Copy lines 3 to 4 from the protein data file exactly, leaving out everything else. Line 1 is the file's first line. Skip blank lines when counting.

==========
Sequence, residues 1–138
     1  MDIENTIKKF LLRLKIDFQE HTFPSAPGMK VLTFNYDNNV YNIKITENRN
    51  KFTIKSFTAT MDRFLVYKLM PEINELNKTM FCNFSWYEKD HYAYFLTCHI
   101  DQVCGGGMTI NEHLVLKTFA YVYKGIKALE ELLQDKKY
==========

    51  KFTIKSFTAT MDRFLVYKLM PEINELNKTM FCNFSWYEKD HYAYFLTCHI
   101  DQVCGGGMTI NEHLVLKTFA YVYKGIKALE ELLQDKKY